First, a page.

They Were Expendable

The Case for Pickets

(Editor’s Note: Hey! Corvette week is going so well, we decided to extend it!)

“They Were Expendable” makes for a good movie title, but U.S. naval personnel in the 21st century are not such a disposable commodity.  They Were Expendable

This line in Steven Wills’ article points at a very pivotal question of naval force design, and he’s probably on the wrong side of history.

Small ships and boats – corvettes, avisos, frigates – were historically used for many support functions by battle fleets. These functions did not focus on the destruction or deterrence of enemies until the advent of practical torpedoes in the late 19th century, when the torpedo-boat destroyer was introduced in order to counter torpedo boats. The nature of the torpedo and the difficulties caused by the speed and small size of torpedo boats forced navies to adopt a pattern known from warfare on land: The detachment of small and preferably quick forces to positions between the main forces of both belligerents. Later anti-submarine screens by destroyers, destroyer escorts, sloops and corvettes were even more obvious analogies to their land warfare equivalent. The radar picket destroyers of 1945 were another extreme example.

These security efforts were indispensable for saving marching army corps the disruptions of raids, for countering hostile reconnaissance efforts, for providing reconnaissance and for delaying attacks until the own main force is ready to offer battle or has slipped away.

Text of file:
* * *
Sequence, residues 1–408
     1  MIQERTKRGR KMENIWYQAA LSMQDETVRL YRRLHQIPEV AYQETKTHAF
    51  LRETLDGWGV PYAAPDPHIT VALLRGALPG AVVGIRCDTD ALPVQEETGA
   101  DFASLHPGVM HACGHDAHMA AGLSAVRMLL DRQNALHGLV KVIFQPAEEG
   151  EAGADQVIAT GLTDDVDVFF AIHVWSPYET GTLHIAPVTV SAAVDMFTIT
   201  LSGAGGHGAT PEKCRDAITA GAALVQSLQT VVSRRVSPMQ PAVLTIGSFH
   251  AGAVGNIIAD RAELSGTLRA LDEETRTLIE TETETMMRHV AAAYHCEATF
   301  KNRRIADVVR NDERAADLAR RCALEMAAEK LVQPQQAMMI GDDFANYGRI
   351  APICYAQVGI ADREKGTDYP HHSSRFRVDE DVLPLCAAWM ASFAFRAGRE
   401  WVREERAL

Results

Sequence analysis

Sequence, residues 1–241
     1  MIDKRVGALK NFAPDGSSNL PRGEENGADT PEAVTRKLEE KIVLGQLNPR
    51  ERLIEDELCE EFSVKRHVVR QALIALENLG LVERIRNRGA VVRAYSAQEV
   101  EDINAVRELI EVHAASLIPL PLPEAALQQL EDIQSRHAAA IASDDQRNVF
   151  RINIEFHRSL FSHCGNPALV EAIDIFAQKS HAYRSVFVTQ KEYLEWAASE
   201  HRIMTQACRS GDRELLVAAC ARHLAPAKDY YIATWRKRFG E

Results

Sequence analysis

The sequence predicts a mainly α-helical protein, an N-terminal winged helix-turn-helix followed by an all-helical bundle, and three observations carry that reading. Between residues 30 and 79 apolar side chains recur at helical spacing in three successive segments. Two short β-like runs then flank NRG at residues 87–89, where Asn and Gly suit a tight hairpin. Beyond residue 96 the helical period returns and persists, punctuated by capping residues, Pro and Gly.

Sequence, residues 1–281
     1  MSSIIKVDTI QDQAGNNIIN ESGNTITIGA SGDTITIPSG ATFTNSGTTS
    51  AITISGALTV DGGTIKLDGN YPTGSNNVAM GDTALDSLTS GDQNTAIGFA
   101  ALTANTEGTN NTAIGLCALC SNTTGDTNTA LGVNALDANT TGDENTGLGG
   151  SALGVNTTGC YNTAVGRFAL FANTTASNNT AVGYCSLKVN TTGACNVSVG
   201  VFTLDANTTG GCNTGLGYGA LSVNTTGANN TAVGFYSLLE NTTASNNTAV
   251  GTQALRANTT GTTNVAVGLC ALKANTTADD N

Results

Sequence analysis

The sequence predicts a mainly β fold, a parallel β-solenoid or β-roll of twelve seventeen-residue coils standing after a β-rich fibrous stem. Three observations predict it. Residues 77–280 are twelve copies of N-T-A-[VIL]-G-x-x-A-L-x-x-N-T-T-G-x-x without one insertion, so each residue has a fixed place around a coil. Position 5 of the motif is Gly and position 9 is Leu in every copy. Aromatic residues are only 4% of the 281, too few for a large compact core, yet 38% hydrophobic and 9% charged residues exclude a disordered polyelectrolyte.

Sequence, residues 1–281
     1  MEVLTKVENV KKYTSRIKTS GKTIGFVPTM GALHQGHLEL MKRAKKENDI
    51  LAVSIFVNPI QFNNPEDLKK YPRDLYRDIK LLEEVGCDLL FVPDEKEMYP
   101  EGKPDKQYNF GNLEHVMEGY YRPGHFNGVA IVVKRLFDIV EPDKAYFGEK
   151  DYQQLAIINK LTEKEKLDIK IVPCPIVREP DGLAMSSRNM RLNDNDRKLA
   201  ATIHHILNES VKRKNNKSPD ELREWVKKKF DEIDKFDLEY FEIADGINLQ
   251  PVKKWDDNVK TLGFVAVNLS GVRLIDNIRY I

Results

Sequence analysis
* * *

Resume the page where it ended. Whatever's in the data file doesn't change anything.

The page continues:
The core concept behind this is to expose a few assets to great risks in order to spare the bulk of the forces much risk. Small detachments were “expendable,” while an entire army corps caught in an unfavorable situation would be a disaster.

Mr. Wills is correct that this approach has lost much appeal to 21st century people in the Western World. In fact, this approach lost ground by the 1970’s already when the escorts – destroyers and frigates – grew to what’s now widely perceived ”capital ship” status because of the demands by powerful missile armaments.

Years of patrolling the very confined Persian Gulf did not help the idea that depth of defence may be gained by having picket ships such as the radar picket destroyers used to warn about incoming kamikaze aircraft in 1945. AEW and MPA aircraft had largely assumed the picket role.

Yet the HMS Sheffield’s fate on picket duty (substituting for an AEW asset) demonstrated both the need for a picket and the relative unsuitability of large ships in such a role: A picket itself must not be a worthy prize. Its survivability should rest on its unworthiness as a target. It should cause enough trouble to the enemy to help its own fleet, but not enough to become an intentional target itself.

Mr. Wills thinks a corvette crew of 35 would be too large for such an exposure, and he’s probably correct. The problem of existing corvette designs may be that they’re neither large enough to be a powerful and thus useful asset nor small enough to be a suitable picket, exposing themselves to protect the capital ships. The very smallest coastal corvettes known from Sweden may be close to a suitable picket hull, though.